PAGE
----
Pop artists, such as Claes Oldenburg and Robert Rauschenberg, often incorporated everyday objects into their work, but with a focus on popular culture and consumerism. Oldenburg’s sculpture, Giant Hamburger (1963), is an example of his use of found objects to address the commodification of the American food industry.

Modern Found Object Art

Today, there are numerous contemporary artists who use found objects in their work. For example, Damien Hirst is known for his use of taxidermy and found objects in his sculptures, while Jeff Koons incorporates everyday objects such as balloon animals and stainless steel appliances into his works.

Ai Weiwei uses found objects as a way to address issues related to China’s cultural and political history, while Kara Walker’s art confronts race and identity through her use of found objects and mixed media. Who Actually Invented the Ready Made?

Although Marcel Duchamp is generally credited with inventing the readymade, many historians believe that the real inventor of the readymade was Baroness Elsa von Freytag-Loringhoven, a Dada artist who exhibited found objects and pre-manufactured objects as art in the early 20th century. Whether Duchamp or Freytag-Loringhoven was the true inventor of the readymade has been the subject of ongoing debate, but the impact that this art form has had on the art world is beyond dispute.

Examples of Found Object Sculpture

Found object sculptures are some of the most intriguing works of art out there. They provide a unique combination of beauty and humor that can simultaneously captivate and challenge the viewer’s perception of traditional art.

Some of the most notable found object sculptures include:

– Lobster Telephone by Salvador Dali: This surrealist sculpture is a prime example of how everyday objects can be combined to create a work of art. The piece features a telephone with a lobster for a receiver, illustrating Dali’s fascination with randomness and the absurd.

– Untitled by Joseph Cornell: This assemblage sculpture is comprised of a wooden box filled with a variety of found objects such as marbles, mirrors, and shells. Cornell’s use of found objects and the detailed arrangement of the elements create a dreamlike atmosphere.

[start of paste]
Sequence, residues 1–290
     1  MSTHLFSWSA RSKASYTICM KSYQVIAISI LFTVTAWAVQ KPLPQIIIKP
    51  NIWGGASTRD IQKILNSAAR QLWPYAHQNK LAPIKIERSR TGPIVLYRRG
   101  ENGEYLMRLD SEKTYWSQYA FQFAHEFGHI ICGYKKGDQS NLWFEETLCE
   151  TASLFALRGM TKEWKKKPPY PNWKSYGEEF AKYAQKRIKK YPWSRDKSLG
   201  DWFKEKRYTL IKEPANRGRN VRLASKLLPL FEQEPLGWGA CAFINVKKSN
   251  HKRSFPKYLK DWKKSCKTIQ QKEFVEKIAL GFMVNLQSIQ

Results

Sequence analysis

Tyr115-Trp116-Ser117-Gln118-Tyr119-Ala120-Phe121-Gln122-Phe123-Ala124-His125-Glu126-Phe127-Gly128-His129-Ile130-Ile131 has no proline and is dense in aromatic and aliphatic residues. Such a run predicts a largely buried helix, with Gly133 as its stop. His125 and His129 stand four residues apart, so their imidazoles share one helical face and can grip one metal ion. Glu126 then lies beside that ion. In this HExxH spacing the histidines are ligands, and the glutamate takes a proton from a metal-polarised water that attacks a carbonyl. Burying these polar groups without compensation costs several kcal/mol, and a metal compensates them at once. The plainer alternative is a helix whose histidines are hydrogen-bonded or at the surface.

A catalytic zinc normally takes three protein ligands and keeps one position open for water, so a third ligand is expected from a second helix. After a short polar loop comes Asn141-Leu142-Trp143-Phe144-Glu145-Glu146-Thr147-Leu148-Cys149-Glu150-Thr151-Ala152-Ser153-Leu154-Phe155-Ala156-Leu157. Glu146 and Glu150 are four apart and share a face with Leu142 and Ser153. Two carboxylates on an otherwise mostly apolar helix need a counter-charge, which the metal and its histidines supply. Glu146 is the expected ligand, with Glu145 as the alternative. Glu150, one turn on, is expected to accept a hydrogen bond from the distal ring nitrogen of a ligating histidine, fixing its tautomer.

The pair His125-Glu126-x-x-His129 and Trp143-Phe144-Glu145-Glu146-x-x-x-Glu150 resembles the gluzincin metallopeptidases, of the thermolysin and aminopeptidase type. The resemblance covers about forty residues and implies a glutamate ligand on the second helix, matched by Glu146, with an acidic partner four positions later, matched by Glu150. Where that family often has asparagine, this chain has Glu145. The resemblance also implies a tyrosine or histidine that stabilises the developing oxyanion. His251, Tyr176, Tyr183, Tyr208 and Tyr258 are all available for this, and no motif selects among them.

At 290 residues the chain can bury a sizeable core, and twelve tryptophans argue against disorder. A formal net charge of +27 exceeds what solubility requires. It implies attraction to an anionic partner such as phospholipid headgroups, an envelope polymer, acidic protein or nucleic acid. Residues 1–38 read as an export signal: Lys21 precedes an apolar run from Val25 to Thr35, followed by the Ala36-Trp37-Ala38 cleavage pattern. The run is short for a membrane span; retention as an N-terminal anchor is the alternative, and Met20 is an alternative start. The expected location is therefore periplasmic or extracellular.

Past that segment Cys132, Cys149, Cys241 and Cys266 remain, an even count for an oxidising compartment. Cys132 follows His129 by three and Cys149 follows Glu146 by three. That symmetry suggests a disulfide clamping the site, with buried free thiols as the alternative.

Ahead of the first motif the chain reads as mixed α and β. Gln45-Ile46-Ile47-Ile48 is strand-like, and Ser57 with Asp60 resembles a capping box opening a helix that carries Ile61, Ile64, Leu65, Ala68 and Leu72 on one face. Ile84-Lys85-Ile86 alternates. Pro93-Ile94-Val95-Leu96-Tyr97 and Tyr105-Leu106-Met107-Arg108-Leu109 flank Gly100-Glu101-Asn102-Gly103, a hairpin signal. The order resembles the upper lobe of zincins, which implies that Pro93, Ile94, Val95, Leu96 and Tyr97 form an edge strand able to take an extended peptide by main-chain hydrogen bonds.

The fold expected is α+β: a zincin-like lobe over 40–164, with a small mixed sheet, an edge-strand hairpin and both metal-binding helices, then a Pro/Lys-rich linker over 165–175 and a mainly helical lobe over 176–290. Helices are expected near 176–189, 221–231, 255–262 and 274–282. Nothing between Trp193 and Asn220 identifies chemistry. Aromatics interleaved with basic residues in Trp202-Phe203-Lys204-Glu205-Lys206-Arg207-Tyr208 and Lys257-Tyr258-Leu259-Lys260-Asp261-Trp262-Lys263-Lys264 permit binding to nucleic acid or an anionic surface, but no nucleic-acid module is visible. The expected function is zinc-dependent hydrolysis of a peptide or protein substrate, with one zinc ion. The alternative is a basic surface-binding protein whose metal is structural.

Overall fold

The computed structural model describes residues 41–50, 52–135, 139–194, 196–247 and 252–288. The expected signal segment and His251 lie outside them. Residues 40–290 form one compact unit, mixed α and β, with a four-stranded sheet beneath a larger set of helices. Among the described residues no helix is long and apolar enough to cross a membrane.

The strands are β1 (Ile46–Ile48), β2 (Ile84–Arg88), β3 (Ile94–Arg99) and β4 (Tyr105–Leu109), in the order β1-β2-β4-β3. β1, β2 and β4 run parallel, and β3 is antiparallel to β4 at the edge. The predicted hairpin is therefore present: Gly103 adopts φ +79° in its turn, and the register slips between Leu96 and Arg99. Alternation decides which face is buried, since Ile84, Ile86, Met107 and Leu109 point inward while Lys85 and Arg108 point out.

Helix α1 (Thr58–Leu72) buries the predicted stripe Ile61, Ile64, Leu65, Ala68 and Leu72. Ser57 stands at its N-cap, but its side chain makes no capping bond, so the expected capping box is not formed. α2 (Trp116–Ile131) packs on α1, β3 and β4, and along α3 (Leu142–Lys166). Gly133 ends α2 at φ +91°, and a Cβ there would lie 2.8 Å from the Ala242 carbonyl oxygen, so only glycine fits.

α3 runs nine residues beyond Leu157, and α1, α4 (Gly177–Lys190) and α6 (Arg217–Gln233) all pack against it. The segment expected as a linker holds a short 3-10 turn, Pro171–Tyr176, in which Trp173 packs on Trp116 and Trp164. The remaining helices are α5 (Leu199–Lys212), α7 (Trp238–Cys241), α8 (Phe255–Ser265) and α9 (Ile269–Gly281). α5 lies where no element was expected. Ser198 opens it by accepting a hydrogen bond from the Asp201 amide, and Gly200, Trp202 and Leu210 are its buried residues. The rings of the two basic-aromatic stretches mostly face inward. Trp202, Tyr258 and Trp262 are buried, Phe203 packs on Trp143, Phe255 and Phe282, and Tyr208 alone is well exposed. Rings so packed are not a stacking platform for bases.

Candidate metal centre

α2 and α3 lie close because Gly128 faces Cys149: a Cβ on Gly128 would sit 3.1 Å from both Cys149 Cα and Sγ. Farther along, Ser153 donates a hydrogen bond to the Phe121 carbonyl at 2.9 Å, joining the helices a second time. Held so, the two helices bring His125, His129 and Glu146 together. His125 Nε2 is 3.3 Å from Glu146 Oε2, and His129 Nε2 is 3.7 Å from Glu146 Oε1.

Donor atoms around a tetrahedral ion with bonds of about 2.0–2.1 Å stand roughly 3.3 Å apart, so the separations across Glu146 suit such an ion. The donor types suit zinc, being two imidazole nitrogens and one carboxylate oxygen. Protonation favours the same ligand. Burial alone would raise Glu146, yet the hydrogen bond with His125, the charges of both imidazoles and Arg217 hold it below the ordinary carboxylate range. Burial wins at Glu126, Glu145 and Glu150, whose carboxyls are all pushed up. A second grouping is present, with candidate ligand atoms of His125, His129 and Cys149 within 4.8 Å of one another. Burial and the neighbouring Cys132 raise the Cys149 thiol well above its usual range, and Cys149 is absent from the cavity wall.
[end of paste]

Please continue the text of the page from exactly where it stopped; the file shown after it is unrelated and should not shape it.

– Electric Dress by Atsuko Tanaka: This sculpture is composed of light bulbs, clear plastic tubes and electrical wiring. It was created in 1956 by Atsuko Tanaka, a member of the Gutai group, a Japanese avant-garde art movement that embraced new materials and technologies in their work.

The dress reflects the group’s fascination with color and light. – My Bed by Tracey Emin: This piece is a controversial work of art created by the British artist Tracey Emin.

It features Emin’s bed as the central object, with various items such as cigarettes, liquor bottles, and condoms strewn about. The work confronts issues of sexuality, identity, and personal expression.


Found object art has been an important part of the art world since Marcel Duchamp first introduced it. It has evolved over the years and become an essential part of modern art making.

Through the use of everyday objects, artists have found new ways to challenge and captivate their audiences. From Dada to Pop Art, and from Meret Oppenheim to Tracey Emin, found object sculpture continues to inspire and push boundaries in the art world.

FAQs about Found Art

Found art is an enigmatic form of artistic expression that has confounded and intrigued art enthusiasts for generations. Although the basic premise of the artform is simple, its intricacies and complexities can be difficult to grasp.